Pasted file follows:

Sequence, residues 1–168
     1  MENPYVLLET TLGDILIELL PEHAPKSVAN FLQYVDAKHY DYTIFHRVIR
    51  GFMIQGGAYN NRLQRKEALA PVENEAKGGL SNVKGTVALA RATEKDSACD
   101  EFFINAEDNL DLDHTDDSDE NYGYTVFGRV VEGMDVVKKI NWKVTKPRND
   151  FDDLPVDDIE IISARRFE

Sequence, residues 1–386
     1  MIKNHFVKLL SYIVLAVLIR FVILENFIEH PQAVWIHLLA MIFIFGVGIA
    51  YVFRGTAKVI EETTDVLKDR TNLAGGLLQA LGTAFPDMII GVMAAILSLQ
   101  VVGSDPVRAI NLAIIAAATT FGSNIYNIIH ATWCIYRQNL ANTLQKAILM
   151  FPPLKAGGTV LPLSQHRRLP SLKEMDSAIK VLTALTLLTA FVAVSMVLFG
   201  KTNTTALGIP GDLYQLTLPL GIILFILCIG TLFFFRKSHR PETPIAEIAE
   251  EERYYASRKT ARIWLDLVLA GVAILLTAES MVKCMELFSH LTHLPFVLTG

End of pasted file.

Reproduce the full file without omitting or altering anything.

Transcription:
Sequence, residues 1–168
     1  MENPYVLLET TLGDILIELL PEHAPKSVAN FLQYVDAKHY DYTIFHRVIR
    51  GFMIQGGAYN NRLQRKEALA PVENEAKGGL SNVKGTVALA RATEKDSACD
   101  EFFINAEDNL DLDHTDDSDE NYGYTVFGRV VEGMDVVKKI NWKVTKPRND
   151  FDDLPVDDIE IISARRFE

Sequence, residues 1–386
     1  MIKNHFVKLL SYIVLAVLIR FVILENFIEH PQAVWIHLLA MIFIFGVGIA
    51  YVFRGTAKVI EETTDVLKDR TNLAGGLLQA LGTAFPDMII GVMAAILSLQ
   101  VVGSDPVRAI NLAIIAAATT FGSNIYNIIH ATWCIYRQNL ANTLQKAILM
   151  FPPLKAGGTV LPLSQHRRLP SLKEMDSAIK VLTALTLLTA FVAVSMVLFG
   201  KTNTTALGIP GDLYQLTLPL GIILFILCIG TLFFFRKSHR PETPIAEIAE
   251  EERYYASRKT ARIWLDLVLA GVAILLTAES MVKCMELFSH LTHLPFVLTG